The story of a young girl behind her creation of an app that helps the bullied

June 27, 2017 1:22 pm Last Updated: June 27, 2017 1:22 pm

Natalie Hampton had been the target of bullying since middle school. What started out as “mean girl” comments and name-calling eventually turned into physically abusive bullying. In her 7th-grade year her “friends” would start to ditch her purposely as a joke and others would tell her outright that she could not sit with them at lunch.

“I believe that being isolated branded me as a target. All I wanted was to have just one person who had my back,” Hampton said.

“…the worst thing was being treated as an outcast and having to eat lunch alone every day.”

It was that type of bullying, mean-spirited behavior that, at first, Hampton described as “little things.” But bullying is serious business in the minds and hearts of a 7th graders, and Natalie began to become physically ill and wrought with anxiety from the daily experiences of being bullied. She also cried a lot.

Drawing was her therapy. It was a way to let out the turmoil and stress she was feeling inside and express those feelings creatively.

“I had bruises on my body from being punched with fists or shoved into lockers, I was slapped and had my hair tied in knots, and I still have a scar on my left hand from when a girl clawed me with nails and drew blood,” Natalie told TODAY Parents. “I was told by my classmates that I’m ‘so ugly it’s scary’ and ‘Everyone hates you.'”

The pain and suffering she was enduring at the hands of bullies went on for two long years. After that, Natalie enrolled in a different school in Sherman Oaks, California, where bullying was not tolerated.

“I was told by my classmates that I’m ‘so ugly…”

It wasn’t long after Hampton was at her new school, living a completely opposite reality, that she decided that she wanted to give back. She wanted to help others who were living the same reality that she was now experiencing. “I wanted to take all my pain and suffering from the first two years and turn it into something that could help prevent what was happening to other kids out there,” Hampton explained. “So that’s why I created ‘Sit With Us.'”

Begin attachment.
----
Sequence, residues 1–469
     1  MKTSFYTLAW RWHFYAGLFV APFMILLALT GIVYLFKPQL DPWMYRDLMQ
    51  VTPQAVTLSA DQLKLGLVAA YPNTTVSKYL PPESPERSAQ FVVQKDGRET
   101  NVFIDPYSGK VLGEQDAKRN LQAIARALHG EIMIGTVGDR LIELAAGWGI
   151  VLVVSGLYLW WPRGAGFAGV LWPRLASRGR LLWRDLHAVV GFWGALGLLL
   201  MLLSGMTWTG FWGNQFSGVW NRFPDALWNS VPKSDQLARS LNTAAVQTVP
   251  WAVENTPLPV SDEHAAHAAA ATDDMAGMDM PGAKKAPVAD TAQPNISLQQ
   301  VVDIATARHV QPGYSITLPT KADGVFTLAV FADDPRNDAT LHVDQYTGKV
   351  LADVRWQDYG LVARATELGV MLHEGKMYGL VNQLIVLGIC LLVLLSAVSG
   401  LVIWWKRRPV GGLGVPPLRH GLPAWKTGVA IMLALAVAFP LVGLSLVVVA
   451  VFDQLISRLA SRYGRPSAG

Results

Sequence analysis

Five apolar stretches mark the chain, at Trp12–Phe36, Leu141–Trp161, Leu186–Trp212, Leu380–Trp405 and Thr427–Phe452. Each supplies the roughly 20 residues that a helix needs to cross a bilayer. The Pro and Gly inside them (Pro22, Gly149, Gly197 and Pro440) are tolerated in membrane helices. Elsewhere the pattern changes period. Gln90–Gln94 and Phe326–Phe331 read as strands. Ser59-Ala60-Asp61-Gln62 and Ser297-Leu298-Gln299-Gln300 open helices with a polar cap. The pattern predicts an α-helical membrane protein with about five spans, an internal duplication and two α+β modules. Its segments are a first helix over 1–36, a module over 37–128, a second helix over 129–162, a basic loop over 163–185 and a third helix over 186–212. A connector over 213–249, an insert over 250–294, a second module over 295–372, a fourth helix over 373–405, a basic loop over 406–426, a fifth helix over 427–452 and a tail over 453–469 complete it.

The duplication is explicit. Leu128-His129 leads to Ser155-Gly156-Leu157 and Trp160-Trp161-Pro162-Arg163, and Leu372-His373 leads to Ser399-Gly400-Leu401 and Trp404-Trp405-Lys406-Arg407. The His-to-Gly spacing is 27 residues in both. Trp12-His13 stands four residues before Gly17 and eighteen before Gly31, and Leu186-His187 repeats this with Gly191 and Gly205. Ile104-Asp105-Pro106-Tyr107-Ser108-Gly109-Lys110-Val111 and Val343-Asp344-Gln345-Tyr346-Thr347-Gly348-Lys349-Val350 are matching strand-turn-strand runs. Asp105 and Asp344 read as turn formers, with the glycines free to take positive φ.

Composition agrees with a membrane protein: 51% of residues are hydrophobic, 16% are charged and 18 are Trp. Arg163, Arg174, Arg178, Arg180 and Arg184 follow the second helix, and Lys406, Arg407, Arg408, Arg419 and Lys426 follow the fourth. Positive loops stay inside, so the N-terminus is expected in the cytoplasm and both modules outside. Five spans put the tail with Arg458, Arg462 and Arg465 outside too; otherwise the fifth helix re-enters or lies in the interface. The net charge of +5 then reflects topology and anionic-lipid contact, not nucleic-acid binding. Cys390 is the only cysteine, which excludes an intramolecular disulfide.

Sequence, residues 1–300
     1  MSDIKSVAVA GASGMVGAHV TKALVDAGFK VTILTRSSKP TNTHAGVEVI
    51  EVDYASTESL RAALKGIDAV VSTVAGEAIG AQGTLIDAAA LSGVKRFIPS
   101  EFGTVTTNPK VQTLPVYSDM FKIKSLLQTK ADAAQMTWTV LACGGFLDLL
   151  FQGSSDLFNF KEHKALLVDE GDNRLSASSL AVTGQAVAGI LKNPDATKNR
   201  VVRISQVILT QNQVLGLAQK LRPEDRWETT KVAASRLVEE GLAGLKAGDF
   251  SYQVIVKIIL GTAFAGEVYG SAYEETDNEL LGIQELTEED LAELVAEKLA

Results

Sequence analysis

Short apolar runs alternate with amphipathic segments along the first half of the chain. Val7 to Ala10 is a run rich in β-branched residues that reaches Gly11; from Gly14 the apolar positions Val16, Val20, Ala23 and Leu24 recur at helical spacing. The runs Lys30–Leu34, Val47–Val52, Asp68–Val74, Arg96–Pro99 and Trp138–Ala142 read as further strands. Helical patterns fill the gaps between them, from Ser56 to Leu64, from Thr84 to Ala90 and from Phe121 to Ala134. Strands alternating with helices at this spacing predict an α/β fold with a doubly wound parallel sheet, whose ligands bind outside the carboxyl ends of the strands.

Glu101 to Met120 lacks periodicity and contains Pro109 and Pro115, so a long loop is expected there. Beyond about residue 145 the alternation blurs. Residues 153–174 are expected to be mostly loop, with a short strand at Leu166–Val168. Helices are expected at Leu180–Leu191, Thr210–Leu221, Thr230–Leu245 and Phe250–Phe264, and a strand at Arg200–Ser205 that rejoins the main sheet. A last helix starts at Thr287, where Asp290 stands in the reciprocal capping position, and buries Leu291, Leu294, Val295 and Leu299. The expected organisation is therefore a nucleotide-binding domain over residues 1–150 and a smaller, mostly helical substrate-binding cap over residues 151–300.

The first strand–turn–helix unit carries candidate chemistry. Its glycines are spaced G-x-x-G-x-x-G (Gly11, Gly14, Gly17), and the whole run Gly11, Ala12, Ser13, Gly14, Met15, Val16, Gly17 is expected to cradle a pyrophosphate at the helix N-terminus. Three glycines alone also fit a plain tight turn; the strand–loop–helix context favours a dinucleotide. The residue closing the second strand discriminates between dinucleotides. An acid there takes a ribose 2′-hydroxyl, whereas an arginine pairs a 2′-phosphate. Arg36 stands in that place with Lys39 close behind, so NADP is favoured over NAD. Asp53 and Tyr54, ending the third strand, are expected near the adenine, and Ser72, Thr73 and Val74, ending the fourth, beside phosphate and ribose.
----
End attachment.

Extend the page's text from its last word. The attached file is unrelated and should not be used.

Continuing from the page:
She wanted to help others

Hampton’s self-imposed therapy of drawing turned out to be the tool she would use to begin designing her app, ‘Sit With Us.’ Using pen and paper, she began writing and drawing how she wanted the app to function and what she wanted it to look like. That led to Hampton to designing a storyboard and then to filtering through hundreds of versions until she felt satisfied with what she had created.

Hampton worked side by side with a coder to develop the final product. Students need to enter the name and location of their school and sign up using a valid email or their Facebook account.

A user lists what they might be interested in when they first create their profile.

The app is designed to promote kindness and inclusion. The first step after downloading the app is to create a profile of who you are. The next step is to choose if you want to sign a pledge, written by Hampton herself, stating that you would post things from time to time and accept connections from other people who were using the app.

To make those connections a little easier, a user lists what they might be interested in when they first create their profile. Those interests could be anything from playing the piano to neuroscience. Then the search page will connect the user to any lunch period that is happening anywhere at that time. Just click, and you are having lunch with a friend.

Take the pledge.

Creating the app was therapeutic for Hampton. “It almost felt like I was a superhero fighting back at all of the bad stuff that had happened to me,” Natalie said.

All Natalie Hampton ever wanted was a friend who. She wanted to be able to grab her lunch and look out into the lunch room for a place to sit and then for someone to say, “Sit with us!” As of May 2017, there were over 100,000 users of the app. Natalie turned her bad experience into a way to help others, and now there are thousands of kids across the country who wish to hear those three simple words before having lunch together.

Mission accomplished.

After switching schools in ninth grade, Natalie found a supportive new friend group, but she never forgot how it felt to be the outcast.

“Whenever I saw someone eating alone, I would ask that person to join our table, because I knew exactly how they felt. I saw the look of relief wash over their faces,” she said.

Source: High Schooler Launches ‘Sit With Us’ App To Eliminate Lunchtime Loneliness At Schools by CBS New York and Teen invents ‘Sit With Us’ app so no high schooler has to eat alone on Today. Also, The Henry Ford’s Innovation Nation | S3 Ep72 | Sit With Us App by TheHenryFord on YouTube.